By Anthony Williams
The Epstein-Barr virus (EBV) has created a secret epidemic. Out of the roughly 320 million people in the U.S., over 225 million Americans have some form of EBV.
Epstein-Barr is responsible for mystery illnesses of every category: For some people, it creates fatigue and pain that go unnamed. For others, EBV symptoms prompt doctors to prescribe ineffective treatments, such as hormone replacement. And for so many people walking around with EBV, it gets misdiagnosed.
Among the reasons EBV is thriving: so little is understood about it. Medical communities are aware of only one version of EBV, but there are actually over 60 varieties. Epstein-Barr is behind several of the debilitating illnesses that stump doctors. As I said in the Introduction, it’s the mystery illness of mystery illnesses.
Doctors have no idea how the virus operates long-term and how problematic it can be. The truth is, EBV is the source of numerous health problems that are currently considered mystery illnesses, such as fibromyalgia and chronic fatigue syndrome. EBV is also the cause of some major maladies that medical communities think they understand but really don’t—including thyroid disease, vertigo, and tinnitus.
This chapter explains when the Epstein-Barr virus arose, how it’s transmitted, how it operates to create untold havoc in strategic stages no one knows about, and the steps (never revealed before) that can destroy the virus and restore health.
EPSTEIN-BARR ORIGINS AND TRANSMISSION
Though Epstein-Barr was discovered by two brilliant physicians in 1964, it had actually begun taking hold in the early 1900s—over half a century before. EBV’s initial versions—which are still with us—are relatively slow to act, and might not even create notable symptoms until late in life. Even then, they’re only mildly harmful. Many people have these non-aggressive EBV strains.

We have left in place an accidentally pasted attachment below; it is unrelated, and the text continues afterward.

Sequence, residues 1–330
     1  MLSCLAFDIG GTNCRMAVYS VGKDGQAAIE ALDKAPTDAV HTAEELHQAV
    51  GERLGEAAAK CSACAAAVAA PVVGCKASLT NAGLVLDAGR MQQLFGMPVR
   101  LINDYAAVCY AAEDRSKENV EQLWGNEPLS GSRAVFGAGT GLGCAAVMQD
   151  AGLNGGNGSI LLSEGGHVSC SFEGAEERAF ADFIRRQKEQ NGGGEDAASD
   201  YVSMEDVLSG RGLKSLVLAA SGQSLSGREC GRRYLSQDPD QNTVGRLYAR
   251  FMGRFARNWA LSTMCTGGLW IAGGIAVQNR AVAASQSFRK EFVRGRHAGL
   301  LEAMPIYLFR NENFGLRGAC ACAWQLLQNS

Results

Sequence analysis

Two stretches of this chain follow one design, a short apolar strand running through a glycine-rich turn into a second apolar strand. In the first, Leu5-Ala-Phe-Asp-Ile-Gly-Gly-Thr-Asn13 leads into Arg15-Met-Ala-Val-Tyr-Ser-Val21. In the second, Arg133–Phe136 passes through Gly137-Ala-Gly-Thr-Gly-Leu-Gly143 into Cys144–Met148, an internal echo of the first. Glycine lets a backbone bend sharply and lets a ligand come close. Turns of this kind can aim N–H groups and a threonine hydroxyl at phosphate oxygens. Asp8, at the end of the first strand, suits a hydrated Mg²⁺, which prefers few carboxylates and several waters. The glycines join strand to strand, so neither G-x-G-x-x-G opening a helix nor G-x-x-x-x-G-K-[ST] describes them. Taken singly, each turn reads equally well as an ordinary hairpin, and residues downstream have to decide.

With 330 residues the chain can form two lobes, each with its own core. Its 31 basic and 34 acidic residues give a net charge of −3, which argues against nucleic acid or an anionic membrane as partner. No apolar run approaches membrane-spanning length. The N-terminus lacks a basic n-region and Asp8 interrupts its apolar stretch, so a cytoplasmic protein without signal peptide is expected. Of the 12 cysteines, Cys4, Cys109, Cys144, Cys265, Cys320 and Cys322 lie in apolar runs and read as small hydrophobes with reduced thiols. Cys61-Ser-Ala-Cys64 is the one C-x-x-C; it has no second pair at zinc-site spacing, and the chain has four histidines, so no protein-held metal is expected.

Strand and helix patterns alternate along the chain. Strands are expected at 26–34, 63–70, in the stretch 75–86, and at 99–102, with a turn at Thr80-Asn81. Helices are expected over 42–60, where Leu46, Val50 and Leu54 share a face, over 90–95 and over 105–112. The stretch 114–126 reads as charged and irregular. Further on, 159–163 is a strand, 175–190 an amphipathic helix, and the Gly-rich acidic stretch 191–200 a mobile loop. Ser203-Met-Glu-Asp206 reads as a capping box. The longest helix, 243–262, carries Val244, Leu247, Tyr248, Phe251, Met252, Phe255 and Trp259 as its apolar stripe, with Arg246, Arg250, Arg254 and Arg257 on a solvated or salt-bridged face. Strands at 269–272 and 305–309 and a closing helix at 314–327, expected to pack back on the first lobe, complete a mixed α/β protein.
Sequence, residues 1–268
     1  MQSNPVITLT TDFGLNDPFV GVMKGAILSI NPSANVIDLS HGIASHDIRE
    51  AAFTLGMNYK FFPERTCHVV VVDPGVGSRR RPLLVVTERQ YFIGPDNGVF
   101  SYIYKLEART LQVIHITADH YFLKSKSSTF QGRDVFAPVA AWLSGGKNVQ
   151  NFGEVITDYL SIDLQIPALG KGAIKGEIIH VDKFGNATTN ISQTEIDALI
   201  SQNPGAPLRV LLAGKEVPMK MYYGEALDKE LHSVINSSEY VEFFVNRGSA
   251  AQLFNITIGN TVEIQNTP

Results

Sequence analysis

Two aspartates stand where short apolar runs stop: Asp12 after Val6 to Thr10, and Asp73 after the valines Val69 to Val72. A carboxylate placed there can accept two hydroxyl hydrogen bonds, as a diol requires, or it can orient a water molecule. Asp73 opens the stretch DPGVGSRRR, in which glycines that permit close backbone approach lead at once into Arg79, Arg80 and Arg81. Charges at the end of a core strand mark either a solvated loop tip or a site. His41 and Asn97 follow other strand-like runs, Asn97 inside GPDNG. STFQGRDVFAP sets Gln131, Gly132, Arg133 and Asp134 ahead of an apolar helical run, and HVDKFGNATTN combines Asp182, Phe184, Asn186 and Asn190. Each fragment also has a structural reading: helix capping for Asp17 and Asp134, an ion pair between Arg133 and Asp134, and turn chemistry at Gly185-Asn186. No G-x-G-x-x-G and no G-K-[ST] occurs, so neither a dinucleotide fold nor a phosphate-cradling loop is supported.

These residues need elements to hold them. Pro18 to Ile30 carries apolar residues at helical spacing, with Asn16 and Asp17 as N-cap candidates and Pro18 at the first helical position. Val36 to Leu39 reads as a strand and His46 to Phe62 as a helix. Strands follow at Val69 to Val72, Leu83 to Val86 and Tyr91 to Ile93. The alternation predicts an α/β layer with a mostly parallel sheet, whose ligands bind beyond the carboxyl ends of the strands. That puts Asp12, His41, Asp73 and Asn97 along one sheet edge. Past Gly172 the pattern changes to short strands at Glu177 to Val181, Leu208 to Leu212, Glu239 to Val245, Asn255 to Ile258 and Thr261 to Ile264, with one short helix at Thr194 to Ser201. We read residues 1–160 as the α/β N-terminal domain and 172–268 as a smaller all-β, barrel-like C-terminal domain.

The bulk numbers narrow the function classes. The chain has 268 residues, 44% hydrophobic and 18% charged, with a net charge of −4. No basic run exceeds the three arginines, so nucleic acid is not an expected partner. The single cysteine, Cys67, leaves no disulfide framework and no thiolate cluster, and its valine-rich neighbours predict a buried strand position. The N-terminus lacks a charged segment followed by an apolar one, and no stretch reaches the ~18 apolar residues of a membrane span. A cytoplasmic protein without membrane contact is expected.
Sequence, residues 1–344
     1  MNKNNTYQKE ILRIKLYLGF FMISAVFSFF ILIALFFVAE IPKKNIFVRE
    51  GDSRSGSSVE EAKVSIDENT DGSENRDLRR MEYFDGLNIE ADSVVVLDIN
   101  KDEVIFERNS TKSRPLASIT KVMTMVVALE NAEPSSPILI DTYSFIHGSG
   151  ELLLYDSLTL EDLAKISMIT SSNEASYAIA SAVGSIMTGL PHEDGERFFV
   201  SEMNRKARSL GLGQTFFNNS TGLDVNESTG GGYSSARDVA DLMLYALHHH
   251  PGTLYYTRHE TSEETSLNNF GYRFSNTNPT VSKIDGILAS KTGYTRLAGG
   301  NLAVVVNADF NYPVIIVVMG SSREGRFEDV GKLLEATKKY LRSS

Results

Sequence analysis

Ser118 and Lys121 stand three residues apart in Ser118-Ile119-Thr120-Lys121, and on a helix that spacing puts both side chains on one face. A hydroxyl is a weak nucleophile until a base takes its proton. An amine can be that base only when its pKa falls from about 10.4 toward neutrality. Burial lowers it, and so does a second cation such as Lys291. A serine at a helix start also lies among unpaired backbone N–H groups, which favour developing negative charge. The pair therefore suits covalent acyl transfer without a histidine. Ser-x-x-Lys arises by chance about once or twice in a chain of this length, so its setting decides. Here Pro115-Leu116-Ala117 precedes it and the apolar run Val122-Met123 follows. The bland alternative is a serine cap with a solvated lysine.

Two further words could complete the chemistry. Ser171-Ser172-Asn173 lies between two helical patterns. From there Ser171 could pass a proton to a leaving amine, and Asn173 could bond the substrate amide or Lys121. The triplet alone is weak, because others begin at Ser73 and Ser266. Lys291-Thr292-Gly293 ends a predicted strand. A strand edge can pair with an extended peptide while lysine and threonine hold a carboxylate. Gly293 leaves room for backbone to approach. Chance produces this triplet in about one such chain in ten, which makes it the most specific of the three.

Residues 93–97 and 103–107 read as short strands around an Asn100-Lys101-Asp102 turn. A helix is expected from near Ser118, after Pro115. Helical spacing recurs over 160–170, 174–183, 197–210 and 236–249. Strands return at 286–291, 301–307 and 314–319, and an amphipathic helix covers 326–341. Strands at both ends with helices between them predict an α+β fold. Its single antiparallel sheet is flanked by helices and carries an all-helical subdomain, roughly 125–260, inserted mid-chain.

Unfortunately, EBV has evolved over the decades, and each generation of the virus has grown more challenging than the one before.
Until the publication of this book, those with EBV would typically be stuck with it for the rest of their lives. Doctors seldom recognize EBV as the root cause of the myriad of problems it creates; plus doctors have no idea how to address the Epstein-Barr virus even when it is recognized.
There are many ways to catch EBV. For example, you can get it as a baby if your mother has the virus. You can also get it through infected blood. Hospitals don’t screen for the virus, so any blood transfusion puts you at risk. You can even get it from eating out! That’s because chefs are under tremendous pressure to get dishes prepared quickly. They often end up cutting a finger or hand, slapping on a Band-Aid, and continuing to work. Their blood can get into the food . . . and if they happen to have EBV during a contagious phase, that can be enough to infect you.
Transmission can also happen through other bodily fluids, such as those exchanged during sex. Under some circumstances, even a kiss can be enough to transmit EBV.
Someone with the virus isn’t contagious all the time, though. It’s most likely to spread during its Stage Two. Which brings up something else that until now hasn’t been revealed: EBV goes through four stages.
EPSTEIN-BARR STAGE ONE
If you catch EBV, it goes through an initial dormant period of floating around in your bloodstream doing little more than slowly replicating itself to build its numbers—and waiting for an opportunity to launch a more direct infection.
For example, if you physically exhaust yourself for weeks and give yourself no chance to fully recover, or allow your body to become deprived of essential nutrients such as zinc or vitamin B12, or undergo a traumatic emotional experience such as a breakup or the death of a loved one, the virus will detect your stress-related hormones and choose that time to take advantage.
EBV will also often act when you’re undergoing a major hormonal change—for example, during puberty, pregnancy, or menopause. A common scenario is when a woman goes through childbirth. Afterward, she may feel various symptoms, including fatigue, aches and pains, and depression. In this case EBV isn’t exploiting your weakness, but the fact that hormones are a powerful food source for it—their abundance acts as a trigger. The hormones flooding through your body effectively does for the virus what spinach does for Popeye.
EBV is inhumanly patient. This Stage One period of fortifying itself and waiting for an ideal opportunity can take weeks, months, or even a decade or longer, depending on a variety of factors.
The virus is especially vulnerable during Stage One. However, it’s also undetectable through tests and causes no symptoms, so you normally wouldn’t know to fight it, because you wouldn’t be aware it was there.